Welcome to the new, updated version of Queerty’s Screening Room, our biweekly guide to all things worth watching in movie theaters and at home on cable/streaming, DVD, and VOD services.
In this edition we have Matt Damon back as reluctant super agent Jason Bourne, Queer As Folk’s Gale Harold co-stars in gay murder mystery Kiss Me, Kill Me, famed queer artist David Hockney and James Baldwin are the respective subjects of documentaries Hockney and I Am Not Your Negro(above), NYC’s Ira Sachs brings us another humane, compelling character piece in coming of age feature Little Men, while a young man falls apart in Jack Goes Home.
But wait, there’s more! So start scrolling for trailers, details, and your comments!
(Maysles Cinema NYC, Metrograph NYC, Cinemark Baldwin Hills L.A.; Magnolia Pictures)
Playing for a week in New York and Los Angeles starting December 9th to qualify for the Oscars – a larger-scale release will follow in February – director Raoul Peck’s documentary is based on, and brings to life James Baldwin’s “Remember This House,” which the iconic gay black author never completed and essentially exists as just notes. Baldwin’s own words – sometimes read by Samuel L. Jackson – guide this incredible, profound, and powerful cinematic essay, while also giving life to Baldwin himself through clips and other footage. A must.
($29.99 DVD; Embrem)
A noir-style thriller set in West Hollywood, the latest film from prolific gay director Casper Andreas () sees Queer As Folk‘s Gale Harold return as Stephen, the cheating boyfriend to Dusty, played by four-time Emmy nominee Van Hansis (As The World Turns). However, their romance is suddenly called to a halt when Dusty discovers Stephen cheating and, worse, dead! Blacked out when the crime occurred, Dusty is a main suspect, but sure enough there are a bunch of other characters with motive – played by familiar faces like Jonathan Lisecki (Gayby), Shangela (RuPaul‘s Drag Race), Yolonda Ross (The Get Down) – and could be the culprit.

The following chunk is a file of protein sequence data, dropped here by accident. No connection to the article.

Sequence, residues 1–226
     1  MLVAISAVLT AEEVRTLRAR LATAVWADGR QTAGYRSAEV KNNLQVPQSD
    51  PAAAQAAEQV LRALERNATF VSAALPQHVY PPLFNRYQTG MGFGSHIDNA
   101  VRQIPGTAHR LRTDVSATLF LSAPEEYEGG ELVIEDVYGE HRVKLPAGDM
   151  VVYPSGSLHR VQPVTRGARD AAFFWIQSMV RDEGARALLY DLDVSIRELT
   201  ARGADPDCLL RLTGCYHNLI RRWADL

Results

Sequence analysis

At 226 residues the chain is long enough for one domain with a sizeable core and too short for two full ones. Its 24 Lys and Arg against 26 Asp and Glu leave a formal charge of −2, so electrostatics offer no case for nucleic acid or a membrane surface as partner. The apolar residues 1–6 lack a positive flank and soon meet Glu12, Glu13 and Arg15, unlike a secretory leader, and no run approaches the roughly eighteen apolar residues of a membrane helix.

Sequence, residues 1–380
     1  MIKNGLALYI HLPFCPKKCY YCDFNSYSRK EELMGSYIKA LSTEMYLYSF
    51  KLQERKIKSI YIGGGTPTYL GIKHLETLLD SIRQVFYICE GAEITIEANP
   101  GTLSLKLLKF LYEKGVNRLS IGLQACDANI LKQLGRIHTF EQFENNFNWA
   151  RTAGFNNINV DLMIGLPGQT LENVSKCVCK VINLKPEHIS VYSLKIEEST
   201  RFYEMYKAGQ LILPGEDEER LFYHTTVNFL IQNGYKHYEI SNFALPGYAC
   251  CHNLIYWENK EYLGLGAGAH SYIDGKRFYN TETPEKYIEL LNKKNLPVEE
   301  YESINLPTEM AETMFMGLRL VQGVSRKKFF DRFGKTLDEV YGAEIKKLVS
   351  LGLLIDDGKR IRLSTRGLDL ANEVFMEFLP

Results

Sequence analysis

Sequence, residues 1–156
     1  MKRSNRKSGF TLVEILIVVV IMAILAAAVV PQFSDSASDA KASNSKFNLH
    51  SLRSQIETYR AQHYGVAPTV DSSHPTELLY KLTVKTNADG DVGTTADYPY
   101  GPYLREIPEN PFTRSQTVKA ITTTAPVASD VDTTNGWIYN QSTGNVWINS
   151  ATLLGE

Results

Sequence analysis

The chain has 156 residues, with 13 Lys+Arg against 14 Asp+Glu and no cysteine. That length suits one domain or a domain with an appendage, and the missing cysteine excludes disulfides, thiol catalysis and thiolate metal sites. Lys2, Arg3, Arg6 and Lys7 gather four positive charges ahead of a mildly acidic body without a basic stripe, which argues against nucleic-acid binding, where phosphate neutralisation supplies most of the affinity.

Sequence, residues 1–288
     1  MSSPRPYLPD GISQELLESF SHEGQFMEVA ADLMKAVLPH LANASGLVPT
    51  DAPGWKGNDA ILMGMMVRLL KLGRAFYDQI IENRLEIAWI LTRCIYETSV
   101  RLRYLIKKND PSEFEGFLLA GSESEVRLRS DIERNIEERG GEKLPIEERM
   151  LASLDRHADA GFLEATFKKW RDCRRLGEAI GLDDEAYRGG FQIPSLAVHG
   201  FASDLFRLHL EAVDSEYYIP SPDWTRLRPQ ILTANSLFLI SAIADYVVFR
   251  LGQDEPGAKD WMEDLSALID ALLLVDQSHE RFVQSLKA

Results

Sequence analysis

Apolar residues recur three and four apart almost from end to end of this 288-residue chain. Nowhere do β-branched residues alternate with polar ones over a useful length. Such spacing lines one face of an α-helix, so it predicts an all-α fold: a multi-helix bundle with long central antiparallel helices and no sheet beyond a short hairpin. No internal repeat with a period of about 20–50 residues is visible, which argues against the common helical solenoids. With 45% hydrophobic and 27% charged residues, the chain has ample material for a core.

($34.90 Blu-ray, $29.98 DVD; Universal)
Some government agencies just don’t learn do they? Super soldier-agent Jason Bourne is provoked back into action by some diabolical, shady CIA folks determined to bury their most shadowy projects and schemes, which includes Treadstone – and Bourne. Chaos ensues as a re-awakened Bourne is chased down by a shadowy assassin, resulting in some mighty fine action like an insane, high speed flying-cars smash-em-up. Extras include a handful of featurettes.
($24.95 DVD; Wolfe)
A Sundance 2016 pick, this well-reviewed dramedy follows David, a 30-ish gay comedy writer in NYC who finds himself at a crossroads both personally and career-wise. In need of some reflection time, he heads back home to Sacramento, where his cancer-stricken mother (Molly Shannon) could use a little support since she’s about to begin chemotherapy. Awkward, uncomfortable family moments follow, and reconnecting with former school friends, and ex, and more… Funny stuff with a heart and maybe a tear or two.
($24.99 DVD; Magnolia)
Director Ira Sachs and co-writer Mauricio Zacharias follow up Love Is Strange with this nuanced coming-of-age film about a couple of teen boys, Jake and Tony, brought together when the former’s parents move into his deceased grandfather’s home, inheriting a shopkeeper tenant in the process. As with Love Is Strange, money causes the ground to shift under these characters – including Greg Kinnear as Jake’s struggling actor father, Brian, and Jennifer Ehle as his breadwinner wife, and Paulina Garcia as prickly dress maker Leona – and you end up caring about every single person so when conflict arises, it just plain hurts. A wonderful piece of cinema, and breakouts for the young stars Theo Taplitz and Michael Barbieri.
($14.99 DVD; E1 Entertainment)
Gay fave, sexually ambiguous actor Thomas Dekker (Kaboom) makes his writing/directing debut with this psychological horror film. Rory Culkin stars as Jack, a young Coloradan who goes back home after surviving a car crash that killed his father. As the movie unwinds, Jack’s mother (Lin Shaye, of Insidous) proves a perhaps sinister character, while Jack is haunted by messages from his father. Is he going nuts, or is something supernatural going on?
(December 12 @ 8pm/7pmCT; Smithsonian Channel)
The U.K.-born yet quintessentially Los Angeles gay artist, David Hockney, is subject of this comprehensive, two-hour documentary that covers his life and work. A trove of his photos, personal movies and art help craft a full portrait, touching on everything from his relationships to the AIDS plague that consumed many friends and fellow artists to his continued output and success at age 79. This is your history, kids – take it in!
ALSO OUT ON DVD:
Florence Foster Jenkins
The Secret Life Of Pets
Don’t Think Twice
This article originally appeared on Queerty
Photo credit: IMDb